Our weekly look at the most interesting—or perplexing—Patents or Patents Pending from the payments industry brings us two from MasterCard.
MasterCard Wants To Bring The Stylus Back, Plastic Card Style
MasterCard on Tuesday (Jan. 26) was issued a patent for a creative way to integrate a high-tech stylus with plastic cards.
Here’s one problem for the standard stylus hanging by the signature screen: “Because the stylus of a transaction processing system is used by numerous individuals throughout the course of a day the stylus can become quite dirty, harbor bacteria and is generally unsanitary. While purchasing and carrying around a personal stylus is possible to avoid having to touch and use a ‘public’ stylus of a transaction processing system, carrying yet another accessory is inconvenient.”
Before we proceed, have to say “Ich!” Back to the Patent.
“It would be beneficial to have a credit/debit card with an integrated stylus that is specially adapted to be easily and effectively used in a sanitary manner when conducting transactions using an electronic touchscreen and/or signing printed receipts and does not require the user to carry any additional accessories,” the Patent said. ” A transaction card with an integrated stylus is provided, the transaction card includes: a base constructed from a substantially rectangular material having a first and second face forming at least a first thickness. The base is shaped to define a mount that is configured to support a stylus. Also included is a stylus having a stylus arm. The stylus arm is configured to engage the mount and at least a portion of the stylus tip is constructed from a metal alloy of the type which leaves an indelible mark when the metal alloy is abraded on a paper substrate. The transaction also includes an electronic storage medium bearing information presentable to consummate a financial transaction.”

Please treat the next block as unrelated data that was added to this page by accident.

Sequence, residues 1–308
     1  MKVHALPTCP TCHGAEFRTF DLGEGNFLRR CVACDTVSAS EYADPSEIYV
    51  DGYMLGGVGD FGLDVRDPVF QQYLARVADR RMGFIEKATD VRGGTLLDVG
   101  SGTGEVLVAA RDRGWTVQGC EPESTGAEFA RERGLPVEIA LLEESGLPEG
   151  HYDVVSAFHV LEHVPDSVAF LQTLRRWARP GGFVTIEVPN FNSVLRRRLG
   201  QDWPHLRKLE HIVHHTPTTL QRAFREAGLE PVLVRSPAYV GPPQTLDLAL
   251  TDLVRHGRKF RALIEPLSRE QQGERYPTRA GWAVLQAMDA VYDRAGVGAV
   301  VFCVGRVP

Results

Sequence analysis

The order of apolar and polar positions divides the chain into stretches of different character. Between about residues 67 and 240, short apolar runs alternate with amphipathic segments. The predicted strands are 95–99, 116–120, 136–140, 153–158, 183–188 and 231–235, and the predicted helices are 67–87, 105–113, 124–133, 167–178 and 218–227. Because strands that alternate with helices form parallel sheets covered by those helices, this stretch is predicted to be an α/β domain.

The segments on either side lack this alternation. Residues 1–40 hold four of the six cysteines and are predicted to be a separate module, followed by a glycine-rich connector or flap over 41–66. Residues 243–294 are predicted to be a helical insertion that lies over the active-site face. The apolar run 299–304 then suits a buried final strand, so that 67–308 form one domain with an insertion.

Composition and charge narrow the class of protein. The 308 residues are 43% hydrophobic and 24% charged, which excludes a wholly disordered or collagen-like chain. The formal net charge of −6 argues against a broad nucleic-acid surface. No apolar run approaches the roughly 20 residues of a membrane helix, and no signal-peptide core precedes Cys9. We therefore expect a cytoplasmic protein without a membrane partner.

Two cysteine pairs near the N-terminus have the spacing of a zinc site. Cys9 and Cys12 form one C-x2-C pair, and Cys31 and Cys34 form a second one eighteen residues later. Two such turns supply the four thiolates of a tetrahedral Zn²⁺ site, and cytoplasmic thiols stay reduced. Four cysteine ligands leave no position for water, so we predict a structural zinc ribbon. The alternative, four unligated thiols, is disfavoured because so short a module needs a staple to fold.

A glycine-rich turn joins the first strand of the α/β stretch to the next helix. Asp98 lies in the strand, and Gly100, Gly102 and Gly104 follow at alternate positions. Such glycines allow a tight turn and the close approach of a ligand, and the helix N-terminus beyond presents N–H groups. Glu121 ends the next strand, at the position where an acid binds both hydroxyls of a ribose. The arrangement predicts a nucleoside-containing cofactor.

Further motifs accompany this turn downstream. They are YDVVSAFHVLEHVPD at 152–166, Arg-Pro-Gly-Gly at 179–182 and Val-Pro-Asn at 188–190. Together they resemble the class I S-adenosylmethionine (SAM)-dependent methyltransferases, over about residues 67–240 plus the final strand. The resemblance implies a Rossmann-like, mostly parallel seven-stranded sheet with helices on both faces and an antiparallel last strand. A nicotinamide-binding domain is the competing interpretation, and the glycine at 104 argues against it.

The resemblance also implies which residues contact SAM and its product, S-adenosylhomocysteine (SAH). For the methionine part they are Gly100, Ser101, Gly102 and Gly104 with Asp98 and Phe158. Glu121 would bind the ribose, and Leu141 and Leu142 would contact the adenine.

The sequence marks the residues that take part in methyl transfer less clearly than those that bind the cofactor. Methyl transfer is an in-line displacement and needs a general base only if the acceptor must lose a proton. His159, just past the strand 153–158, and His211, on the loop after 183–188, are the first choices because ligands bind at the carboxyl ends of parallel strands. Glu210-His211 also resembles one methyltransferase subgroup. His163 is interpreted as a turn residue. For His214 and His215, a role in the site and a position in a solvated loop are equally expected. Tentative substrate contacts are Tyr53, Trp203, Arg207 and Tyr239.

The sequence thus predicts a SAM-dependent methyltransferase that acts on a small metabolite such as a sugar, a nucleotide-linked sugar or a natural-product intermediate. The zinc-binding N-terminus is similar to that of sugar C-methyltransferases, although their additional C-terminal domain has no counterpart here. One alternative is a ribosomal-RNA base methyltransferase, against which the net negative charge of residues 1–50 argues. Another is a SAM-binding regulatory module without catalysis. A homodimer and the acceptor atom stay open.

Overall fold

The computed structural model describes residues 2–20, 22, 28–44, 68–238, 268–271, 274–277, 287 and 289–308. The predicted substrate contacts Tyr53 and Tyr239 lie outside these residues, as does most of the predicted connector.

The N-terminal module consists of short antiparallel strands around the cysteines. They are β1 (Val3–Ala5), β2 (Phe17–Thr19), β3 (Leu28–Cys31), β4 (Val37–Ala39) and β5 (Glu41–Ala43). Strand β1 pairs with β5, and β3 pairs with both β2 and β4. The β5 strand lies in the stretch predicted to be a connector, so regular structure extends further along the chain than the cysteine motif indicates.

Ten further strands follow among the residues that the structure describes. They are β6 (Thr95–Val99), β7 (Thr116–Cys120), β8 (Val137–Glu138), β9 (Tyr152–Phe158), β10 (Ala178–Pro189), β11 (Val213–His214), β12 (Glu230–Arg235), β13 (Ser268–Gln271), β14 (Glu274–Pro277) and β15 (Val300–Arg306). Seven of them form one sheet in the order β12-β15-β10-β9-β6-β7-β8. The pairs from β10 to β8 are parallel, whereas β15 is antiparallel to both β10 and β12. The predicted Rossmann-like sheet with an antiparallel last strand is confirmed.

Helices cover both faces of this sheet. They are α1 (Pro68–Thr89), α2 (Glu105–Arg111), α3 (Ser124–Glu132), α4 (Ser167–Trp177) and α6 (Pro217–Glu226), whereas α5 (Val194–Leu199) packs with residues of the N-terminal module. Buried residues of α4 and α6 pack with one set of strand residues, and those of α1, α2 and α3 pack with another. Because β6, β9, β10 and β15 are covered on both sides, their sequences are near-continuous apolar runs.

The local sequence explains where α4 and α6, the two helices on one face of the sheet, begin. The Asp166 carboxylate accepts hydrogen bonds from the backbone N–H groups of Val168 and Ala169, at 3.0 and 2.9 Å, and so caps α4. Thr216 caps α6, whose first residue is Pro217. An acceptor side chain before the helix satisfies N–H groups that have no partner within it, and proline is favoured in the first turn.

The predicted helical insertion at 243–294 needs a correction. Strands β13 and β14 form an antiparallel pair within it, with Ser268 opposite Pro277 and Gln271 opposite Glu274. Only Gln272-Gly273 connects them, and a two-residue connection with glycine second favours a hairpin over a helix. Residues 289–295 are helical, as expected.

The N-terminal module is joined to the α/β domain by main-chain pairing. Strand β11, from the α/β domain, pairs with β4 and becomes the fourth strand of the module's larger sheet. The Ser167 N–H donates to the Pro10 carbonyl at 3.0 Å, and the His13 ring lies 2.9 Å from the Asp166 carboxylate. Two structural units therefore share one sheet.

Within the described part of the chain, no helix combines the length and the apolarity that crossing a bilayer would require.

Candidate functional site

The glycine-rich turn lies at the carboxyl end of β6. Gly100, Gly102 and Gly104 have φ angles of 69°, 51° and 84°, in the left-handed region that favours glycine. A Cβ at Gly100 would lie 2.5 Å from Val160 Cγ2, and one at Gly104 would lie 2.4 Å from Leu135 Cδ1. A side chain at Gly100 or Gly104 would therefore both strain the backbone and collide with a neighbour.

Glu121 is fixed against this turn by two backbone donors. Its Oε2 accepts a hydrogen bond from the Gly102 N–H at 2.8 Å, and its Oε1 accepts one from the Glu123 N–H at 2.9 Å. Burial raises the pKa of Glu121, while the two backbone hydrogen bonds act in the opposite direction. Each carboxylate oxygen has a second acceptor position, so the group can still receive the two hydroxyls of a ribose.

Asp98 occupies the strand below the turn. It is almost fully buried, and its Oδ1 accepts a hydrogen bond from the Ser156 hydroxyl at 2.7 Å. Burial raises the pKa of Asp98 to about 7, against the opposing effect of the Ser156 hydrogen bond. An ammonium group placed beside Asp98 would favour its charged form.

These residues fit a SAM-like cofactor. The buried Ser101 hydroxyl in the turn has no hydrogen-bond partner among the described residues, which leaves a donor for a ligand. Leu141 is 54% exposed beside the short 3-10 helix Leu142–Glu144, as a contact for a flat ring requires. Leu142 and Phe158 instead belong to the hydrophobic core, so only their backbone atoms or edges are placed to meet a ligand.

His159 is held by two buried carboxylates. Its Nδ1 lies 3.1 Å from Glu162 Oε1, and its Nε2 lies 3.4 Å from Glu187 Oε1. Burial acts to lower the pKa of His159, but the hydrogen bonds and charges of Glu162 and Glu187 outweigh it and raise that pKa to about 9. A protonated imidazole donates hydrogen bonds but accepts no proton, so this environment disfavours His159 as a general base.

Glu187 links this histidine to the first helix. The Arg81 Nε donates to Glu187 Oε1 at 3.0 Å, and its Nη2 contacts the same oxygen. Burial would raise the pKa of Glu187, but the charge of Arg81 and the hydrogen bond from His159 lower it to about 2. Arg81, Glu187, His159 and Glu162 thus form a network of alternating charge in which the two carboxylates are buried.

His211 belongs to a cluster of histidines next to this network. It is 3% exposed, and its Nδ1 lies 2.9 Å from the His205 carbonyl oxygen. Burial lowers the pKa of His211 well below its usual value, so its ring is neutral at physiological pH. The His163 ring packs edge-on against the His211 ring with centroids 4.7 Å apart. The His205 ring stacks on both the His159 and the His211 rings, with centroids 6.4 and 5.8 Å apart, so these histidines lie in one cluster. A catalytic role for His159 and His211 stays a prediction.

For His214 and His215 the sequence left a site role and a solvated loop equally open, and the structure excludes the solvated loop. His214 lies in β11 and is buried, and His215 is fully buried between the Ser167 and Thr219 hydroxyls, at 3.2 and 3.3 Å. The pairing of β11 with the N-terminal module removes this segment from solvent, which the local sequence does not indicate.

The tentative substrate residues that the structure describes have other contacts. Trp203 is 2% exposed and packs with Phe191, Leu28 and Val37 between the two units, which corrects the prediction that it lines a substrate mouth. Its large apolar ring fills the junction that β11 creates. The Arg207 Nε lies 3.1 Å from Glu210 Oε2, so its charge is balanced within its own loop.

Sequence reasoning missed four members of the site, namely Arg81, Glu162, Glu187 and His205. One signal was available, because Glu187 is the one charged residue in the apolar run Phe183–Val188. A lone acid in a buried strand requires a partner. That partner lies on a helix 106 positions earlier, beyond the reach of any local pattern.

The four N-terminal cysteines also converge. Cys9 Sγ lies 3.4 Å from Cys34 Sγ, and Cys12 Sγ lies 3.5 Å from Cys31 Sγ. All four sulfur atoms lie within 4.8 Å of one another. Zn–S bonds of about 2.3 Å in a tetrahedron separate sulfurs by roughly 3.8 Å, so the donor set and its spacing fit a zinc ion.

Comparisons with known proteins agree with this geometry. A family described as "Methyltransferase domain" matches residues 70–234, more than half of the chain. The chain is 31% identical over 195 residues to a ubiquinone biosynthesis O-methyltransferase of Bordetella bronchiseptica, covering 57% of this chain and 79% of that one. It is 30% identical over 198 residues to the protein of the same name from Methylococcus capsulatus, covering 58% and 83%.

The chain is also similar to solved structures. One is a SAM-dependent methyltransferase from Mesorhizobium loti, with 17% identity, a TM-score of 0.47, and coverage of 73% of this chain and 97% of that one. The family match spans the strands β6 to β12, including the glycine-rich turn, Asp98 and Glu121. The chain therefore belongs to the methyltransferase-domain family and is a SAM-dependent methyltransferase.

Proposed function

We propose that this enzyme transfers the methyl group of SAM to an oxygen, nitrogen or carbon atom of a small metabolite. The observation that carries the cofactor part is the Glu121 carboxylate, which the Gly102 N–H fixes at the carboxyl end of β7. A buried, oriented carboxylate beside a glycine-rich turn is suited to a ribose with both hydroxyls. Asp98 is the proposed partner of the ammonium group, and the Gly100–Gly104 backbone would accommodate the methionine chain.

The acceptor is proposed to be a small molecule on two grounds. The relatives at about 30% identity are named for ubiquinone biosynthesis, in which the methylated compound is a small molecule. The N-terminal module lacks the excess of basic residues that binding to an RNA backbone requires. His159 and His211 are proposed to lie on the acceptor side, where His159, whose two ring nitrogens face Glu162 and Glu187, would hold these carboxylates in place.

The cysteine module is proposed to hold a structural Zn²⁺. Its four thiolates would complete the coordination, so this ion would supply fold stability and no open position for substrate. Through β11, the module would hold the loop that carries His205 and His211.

Can Privacy Be Maintained By Analyzing Consumer Spend? Yes, But It’s Not Easy
This one was an application submitted by MasterCard back on Jan. 21.
The patent applicaton described “a method for maintaining consumer privacy in behavioral scoring includes a first computing system and a second computing system. The first computing system disguises consumer characteristics and maps disguised consumer characteristics to unencrypted account identifiers, and then transmits the data to the second computing system. The second computing system encrypts the account identifiers upon receipt, and maps the encrypted account identifiers to anonymous transaction data. The second computing system uses the transaction data to calculate consumer behavioral scores, and then generates a scoring algorithm that uses disguised consumer characteristics to calculate consumer behavior scores based on the calculated consumer behavioral scores and corresponding disguised consumer characteristics. The generated algorithm is then returned to the first computing system, with the second computing system not receiving any unencrypted account identifiers, any undisguised consumer characteristics, or any personally identifiable information.”